The Language Of Pictures
23 Nov 2022

Postulate: one of the keys to mastering a new subject area is simply learning the lexicon. Nearly every field out there has a way of dropping its own terms as a way to signal to itself and others that this is a distinct field of expertise. The world of pictures is no different. Enter the world  of graphic designers, photographers and cinematographers and you quickly become aware that you – mere mortal – don’t understand all the special words. “That’s a 16X9 at 30 fps in NTSC, and I’m worried about the bit depth and the codec.

That’s your cue to either nerd up and explore that world – or slink away in defeat, chastised and intimidated by all the specialist terms.

It’s not limited to the world of pictures. From finance, to law, to medicine – ‘insiders’ and ‘outsiders’ are often indicated by their use of the right words. Some groups actively use it to exclude or confound others: it’s a way of flaunting expertise and intimidating the uninitiated into going along with whatever the ‘experts’ propose.

But sometimes it is unintentional. You simply geek out too much and the common language becomes like a dialect.

As an outsider and a non-picture person, I recently found myself on the outside of a dialect I needed to get to grips with. So, in this little article, I’m sharing what I picked up about the dialect used by the picture people. A shortcut I wish I had. If you know all this, you might be an insider. Or just smarter than I was. Still, you may not know all this. In which case, you’re welcome.

My challenge here is to convey the absolute basics (in time we’ll cover more) without using any illustrations, charts or graphs.


A vector image is based on math, for instance the relationship between height and width is always the same no matter how small you make the image or how large it is. A raster image is made up of little dots called pixels. It loses quality when you scale it up too much – you can start seeing the dots – and they call that being pixelated.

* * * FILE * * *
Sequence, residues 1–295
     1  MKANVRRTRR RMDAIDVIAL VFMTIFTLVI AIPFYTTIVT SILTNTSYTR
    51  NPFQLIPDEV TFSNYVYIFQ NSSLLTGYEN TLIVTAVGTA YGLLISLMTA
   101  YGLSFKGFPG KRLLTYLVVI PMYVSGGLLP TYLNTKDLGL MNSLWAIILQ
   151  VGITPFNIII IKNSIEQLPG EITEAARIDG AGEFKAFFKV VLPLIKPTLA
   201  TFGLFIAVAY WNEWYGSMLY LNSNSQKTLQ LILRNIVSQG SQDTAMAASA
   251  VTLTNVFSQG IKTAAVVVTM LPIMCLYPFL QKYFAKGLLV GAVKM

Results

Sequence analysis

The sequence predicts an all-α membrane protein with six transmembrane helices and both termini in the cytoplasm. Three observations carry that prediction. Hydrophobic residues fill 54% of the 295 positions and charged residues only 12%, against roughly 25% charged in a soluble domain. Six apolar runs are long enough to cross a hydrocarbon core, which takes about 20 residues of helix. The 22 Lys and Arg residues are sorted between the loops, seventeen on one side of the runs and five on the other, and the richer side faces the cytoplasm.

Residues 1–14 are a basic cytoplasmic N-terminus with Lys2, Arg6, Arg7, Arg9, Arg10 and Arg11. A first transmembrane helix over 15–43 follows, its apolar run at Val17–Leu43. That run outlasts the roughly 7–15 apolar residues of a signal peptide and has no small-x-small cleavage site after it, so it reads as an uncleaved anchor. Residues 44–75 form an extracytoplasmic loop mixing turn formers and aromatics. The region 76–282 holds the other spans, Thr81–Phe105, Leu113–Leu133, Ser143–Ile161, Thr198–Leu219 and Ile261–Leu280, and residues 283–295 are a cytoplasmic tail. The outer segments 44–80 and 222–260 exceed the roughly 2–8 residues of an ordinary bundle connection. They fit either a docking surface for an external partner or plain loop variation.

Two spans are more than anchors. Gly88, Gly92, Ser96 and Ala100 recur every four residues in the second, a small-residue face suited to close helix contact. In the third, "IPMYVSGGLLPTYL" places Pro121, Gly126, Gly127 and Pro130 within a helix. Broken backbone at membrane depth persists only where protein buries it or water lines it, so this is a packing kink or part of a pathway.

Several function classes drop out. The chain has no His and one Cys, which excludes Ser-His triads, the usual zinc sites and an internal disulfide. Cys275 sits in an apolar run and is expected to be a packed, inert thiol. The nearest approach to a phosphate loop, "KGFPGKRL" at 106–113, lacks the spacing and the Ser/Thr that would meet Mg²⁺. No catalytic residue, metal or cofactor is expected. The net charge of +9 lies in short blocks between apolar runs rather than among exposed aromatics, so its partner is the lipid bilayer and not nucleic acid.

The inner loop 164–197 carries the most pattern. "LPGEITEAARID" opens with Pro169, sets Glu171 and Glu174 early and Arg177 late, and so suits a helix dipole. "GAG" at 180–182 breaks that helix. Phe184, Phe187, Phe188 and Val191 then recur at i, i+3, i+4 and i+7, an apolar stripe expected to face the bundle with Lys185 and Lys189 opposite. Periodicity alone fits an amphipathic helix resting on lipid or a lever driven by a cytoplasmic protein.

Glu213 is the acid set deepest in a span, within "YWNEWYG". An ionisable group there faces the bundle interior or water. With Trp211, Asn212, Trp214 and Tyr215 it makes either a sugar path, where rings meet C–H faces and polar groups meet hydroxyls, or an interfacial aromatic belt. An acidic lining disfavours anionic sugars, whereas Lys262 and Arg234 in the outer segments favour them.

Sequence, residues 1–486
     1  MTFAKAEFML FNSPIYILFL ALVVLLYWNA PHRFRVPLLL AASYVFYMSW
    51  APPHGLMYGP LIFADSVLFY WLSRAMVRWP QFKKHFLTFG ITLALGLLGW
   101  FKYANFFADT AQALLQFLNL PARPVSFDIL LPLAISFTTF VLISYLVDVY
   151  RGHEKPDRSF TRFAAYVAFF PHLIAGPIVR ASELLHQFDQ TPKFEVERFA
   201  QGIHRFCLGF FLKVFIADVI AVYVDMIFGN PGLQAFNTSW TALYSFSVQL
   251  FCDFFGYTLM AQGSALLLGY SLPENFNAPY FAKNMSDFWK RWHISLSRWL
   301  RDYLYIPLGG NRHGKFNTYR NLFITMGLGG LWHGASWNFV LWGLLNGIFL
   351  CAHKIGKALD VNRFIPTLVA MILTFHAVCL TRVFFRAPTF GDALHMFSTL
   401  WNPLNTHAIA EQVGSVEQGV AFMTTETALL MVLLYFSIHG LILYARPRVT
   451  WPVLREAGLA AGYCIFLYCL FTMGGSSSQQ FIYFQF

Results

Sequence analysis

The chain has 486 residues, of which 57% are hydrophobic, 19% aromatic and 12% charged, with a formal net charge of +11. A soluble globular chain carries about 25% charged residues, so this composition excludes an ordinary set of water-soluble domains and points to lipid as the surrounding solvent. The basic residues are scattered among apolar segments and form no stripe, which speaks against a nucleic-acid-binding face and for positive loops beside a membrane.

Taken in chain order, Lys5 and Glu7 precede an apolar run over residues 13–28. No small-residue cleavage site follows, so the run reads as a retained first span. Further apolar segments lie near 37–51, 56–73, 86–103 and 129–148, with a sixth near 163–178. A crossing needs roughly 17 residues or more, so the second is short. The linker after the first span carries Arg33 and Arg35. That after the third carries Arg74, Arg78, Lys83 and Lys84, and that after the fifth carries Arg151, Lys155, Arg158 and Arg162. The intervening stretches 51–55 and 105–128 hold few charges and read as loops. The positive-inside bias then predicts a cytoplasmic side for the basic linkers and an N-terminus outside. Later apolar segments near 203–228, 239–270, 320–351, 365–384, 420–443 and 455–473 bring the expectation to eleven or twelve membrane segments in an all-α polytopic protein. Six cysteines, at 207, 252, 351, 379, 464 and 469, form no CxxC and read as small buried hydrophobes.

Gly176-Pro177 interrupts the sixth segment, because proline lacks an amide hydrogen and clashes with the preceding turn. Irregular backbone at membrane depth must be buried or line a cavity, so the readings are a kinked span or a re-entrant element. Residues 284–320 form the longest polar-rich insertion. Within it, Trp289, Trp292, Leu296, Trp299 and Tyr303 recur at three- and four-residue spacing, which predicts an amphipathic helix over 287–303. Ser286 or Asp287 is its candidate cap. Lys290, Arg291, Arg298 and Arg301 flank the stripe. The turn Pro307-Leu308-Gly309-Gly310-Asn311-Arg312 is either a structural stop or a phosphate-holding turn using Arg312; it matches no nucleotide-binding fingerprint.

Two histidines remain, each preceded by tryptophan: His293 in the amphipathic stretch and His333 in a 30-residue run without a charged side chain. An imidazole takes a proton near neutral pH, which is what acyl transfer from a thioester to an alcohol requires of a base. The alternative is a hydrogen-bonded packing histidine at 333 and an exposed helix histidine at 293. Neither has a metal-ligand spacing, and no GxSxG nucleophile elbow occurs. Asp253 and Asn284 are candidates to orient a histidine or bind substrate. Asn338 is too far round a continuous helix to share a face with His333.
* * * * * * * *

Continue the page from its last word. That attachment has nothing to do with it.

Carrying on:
A pixel is a tiny little square dot that makes up bigger images.  All raster images and videos are made up of these dots. Seen together, they make up a picture. There are two kinds, square pixels which are, um, square. And non-square pixels, which are not. Square pixels make up HD videos, or everything you see on YouTube.


When you hear 1080p (something you hear a lot) or 720p, they are talking about resolution. Resolution is the size of a video, measured by the number of pixels. 1080p is shorthand for a video or picture that is 1080 pixels high and 1920 pixels wide. 720p is shorthand for a picture that is 720 pixels high and 1280 pixels wide. The bigger this number, the higher the quality of the image. The more pixels are stuffed into that frame, the more clear the image becomes. High resolution.


Resolution is the number of pixels stuffed into a frame, aspect ratio is the dimensions of the frame. The ratio between the width and the height. You often hear of 16X9 or 4X3. 16 wide and 9 high is what you find on most video players. 4X3 is a square kind of frame. Just to confuse me personally, they sometimes mention other numbers. But these are ratios, not absolute numbers. So when they throw around an aspect ratio like 640×360 – that is the exact same thing as 16X9 (because you can do that mathy thing and divide it).


That, I’d have you know, as a purveyor of these terms, is known as letterbox and stretching. You sometimes see that with older movies, or artsy ones. It happens when the frame of your screen is 16X9 but the video playing on it is 4X3. These black stripes preserves the video when it is top and bottom (letterbox) or distorts it when it  is on the side.


Remember as a kid when you used to draw little stick men on the pages of your textbook, and then flip the pages, and the little guy would run and kick and decapitate the monster? That’s exactly what this is. Animation is a bunch of stills flipped through, and so is video. Still frames make up the moving image. The frame rate is the number of pictures you flip through per second. A few are very common. 24fps (frames per second) is the gold standard for most movies. 30fps is common for videos on the web. It commonly ranges between 8 and 60 frames per second – but bigger is not necessarily better. 24 frames, the gold standard, is the standard because it looks like the most natural flow to the human eye.


Not so much for the web, but very relevant for TV. These are two formats. The whole world uses PAL, except for America and Japan, that uses NTSC because they just have to be different. You’d think just use NTSC when filming since a lot of your audience sits there, but this might affect the quality of your visual.

That covers the ground floor basics. Now at least, you’ll know what someone means when they say they are shooting 1080p in 16X9 at 24fps. Just those three babies together used to intimidate me.